When assessing potential projects located in rural and northern communities, the CIB will take into account the specific challenges of developing infrastructure in these regions. The CIB will also consider how it can contribute to the Government’s commitment to achieve reconciliation with Indigenous people through renewed nation-to-nation, government-to-government, and Inuit-Crown relationships.

What does Canada Infrastructure Bank do?

Our mandate is to invest up to $35 billion of capital into new infrastructure projects alongside private and institutional investors. Priority areas for the CIB are public transit, trade and transportation, and green infrastructure. The CIB is focused on making investments, providing advisory expertise, and building knowledge as a centre of excellence about infrastructure investments.

What are the benefits of the CIB?

The CIB makes investments that help get more infrastructure built that benefits Canadians.

The CIB’s investments leverage partnership with the private sector to advance projects that might not otherwise be built or would not be built with risk transfer to and capital from the private sector. By injecting capital from the private sector into infrastructure projects that provide public benefits, governments are able to allocate scarce government capital to other public sector investment priorities.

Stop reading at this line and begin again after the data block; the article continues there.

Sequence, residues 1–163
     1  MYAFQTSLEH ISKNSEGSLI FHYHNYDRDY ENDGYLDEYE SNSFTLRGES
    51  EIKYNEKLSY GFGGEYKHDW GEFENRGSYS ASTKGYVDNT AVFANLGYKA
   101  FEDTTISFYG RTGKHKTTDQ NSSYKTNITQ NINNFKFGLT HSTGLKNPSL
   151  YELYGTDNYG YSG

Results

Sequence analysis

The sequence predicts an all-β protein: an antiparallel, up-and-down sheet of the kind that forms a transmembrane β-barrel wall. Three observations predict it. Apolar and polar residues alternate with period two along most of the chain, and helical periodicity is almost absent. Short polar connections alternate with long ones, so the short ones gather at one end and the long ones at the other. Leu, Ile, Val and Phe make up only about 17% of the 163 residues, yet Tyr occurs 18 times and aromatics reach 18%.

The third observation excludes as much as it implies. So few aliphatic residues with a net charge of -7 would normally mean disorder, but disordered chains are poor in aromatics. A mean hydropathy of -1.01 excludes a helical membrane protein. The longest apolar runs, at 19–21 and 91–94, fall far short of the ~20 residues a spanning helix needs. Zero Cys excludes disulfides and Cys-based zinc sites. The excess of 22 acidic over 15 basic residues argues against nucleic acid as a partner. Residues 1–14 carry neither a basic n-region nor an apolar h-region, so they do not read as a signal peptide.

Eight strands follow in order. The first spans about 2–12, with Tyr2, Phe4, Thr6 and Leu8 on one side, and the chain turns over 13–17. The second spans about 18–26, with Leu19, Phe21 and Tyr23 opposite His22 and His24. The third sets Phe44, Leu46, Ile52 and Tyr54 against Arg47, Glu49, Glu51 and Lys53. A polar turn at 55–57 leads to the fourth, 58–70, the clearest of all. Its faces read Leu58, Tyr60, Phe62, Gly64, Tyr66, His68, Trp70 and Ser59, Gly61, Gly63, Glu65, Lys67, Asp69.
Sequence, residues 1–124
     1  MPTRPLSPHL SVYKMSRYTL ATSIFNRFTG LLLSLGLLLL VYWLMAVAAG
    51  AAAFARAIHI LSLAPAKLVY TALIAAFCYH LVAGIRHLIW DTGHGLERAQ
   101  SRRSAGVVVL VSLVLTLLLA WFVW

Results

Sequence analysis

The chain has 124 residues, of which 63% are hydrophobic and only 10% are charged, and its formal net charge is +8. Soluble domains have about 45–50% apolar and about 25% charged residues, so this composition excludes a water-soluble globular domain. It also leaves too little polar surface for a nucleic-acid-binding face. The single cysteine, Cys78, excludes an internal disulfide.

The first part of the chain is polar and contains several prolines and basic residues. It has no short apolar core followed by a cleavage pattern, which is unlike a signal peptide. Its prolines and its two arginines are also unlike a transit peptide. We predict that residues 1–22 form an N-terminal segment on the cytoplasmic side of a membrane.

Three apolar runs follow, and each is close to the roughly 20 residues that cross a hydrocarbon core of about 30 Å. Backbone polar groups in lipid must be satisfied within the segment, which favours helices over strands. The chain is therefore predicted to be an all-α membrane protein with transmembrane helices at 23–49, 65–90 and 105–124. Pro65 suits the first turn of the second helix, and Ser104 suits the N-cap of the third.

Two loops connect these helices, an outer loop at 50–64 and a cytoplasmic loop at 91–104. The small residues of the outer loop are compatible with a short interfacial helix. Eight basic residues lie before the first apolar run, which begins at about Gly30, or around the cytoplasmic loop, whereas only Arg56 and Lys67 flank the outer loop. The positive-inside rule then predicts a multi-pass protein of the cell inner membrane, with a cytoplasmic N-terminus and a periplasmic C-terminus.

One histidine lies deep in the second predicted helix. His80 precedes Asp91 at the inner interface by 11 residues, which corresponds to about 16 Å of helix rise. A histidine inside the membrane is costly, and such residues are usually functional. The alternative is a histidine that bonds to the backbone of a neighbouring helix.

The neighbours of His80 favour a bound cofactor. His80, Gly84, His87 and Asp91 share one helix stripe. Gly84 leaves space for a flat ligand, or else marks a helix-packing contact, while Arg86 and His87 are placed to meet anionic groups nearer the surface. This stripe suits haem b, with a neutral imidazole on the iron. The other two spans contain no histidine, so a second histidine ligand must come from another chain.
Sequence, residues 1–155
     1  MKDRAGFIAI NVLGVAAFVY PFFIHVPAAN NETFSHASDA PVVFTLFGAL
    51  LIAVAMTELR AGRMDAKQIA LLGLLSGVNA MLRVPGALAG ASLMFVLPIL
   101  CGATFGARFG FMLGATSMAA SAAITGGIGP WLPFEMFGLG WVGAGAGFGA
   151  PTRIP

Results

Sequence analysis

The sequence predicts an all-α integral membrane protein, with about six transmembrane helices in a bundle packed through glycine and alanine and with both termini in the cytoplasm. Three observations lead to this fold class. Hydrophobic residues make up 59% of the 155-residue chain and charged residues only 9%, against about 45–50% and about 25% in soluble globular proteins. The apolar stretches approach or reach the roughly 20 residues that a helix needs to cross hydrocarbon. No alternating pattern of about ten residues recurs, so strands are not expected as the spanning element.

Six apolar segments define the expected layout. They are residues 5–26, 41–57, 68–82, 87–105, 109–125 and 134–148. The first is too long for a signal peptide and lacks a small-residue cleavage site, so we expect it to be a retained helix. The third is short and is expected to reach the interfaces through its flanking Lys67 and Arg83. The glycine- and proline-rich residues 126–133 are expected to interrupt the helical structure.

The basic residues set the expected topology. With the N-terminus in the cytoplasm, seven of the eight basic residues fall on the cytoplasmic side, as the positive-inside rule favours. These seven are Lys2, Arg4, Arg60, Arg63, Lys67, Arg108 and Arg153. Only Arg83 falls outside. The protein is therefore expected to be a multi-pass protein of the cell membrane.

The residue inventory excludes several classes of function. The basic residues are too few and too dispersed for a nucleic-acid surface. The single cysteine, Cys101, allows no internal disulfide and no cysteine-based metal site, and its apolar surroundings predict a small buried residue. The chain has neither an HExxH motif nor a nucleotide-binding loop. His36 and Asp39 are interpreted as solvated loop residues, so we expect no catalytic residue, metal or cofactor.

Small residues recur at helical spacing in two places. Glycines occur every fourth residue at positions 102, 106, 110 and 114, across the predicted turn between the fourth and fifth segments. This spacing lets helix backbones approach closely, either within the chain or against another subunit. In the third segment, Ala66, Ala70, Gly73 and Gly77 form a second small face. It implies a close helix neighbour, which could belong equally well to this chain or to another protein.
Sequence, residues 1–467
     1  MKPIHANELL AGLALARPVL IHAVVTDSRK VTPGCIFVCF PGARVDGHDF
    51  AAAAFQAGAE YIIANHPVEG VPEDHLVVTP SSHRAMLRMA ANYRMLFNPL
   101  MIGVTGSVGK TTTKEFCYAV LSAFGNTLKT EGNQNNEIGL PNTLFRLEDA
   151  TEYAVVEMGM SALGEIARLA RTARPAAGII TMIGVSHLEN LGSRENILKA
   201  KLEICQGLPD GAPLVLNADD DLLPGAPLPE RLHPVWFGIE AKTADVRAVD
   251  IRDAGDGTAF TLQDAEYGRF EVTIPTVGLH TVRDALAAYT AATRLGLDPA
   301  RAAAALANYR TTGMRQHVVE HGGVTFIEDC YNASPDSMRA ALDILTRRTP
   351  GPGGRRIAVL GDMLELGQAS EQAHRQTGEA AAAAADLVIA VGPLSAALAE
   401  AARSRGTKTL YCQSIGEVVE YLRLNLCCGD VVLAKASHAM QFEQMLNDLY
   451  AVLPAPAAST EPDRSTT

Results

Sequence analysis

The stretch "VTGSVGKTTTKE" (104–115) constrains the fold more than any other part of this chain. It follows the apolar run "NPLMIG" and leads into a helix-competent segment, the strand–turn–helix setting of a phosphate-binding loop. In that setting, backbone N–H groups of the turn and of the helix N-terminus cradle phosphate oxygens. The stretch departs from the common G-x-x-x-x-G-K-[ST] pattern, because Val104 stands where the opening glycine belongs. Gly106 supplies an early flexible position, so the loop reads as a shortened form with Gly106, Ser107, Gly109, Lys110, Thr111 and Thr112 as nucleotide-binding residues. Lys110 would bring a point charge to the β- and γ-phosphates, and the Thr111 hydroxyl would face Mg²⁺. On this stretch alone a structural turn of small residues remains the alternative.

In addition, CIB collaborates with public-sector owners and sponsors and private-sector investors to provide advisory expertise that can advance the development of projects. The CIB will have specialized commercial expertise regarding infrastructure investments.

The CIB aspires to be a centre of expertise for knowledge and will develop data and information regarding best practices for infrastructure investments.

Why does Canada need a new model for infrastructure investing?

Canada has developed a world-leading public-private partnership (PPP) market, under which government funds the majority of the project costs. Risk transfer to the private sector under this model is effective, particularly related to the construction phase to ensure projects are delivered on-time and on-budget.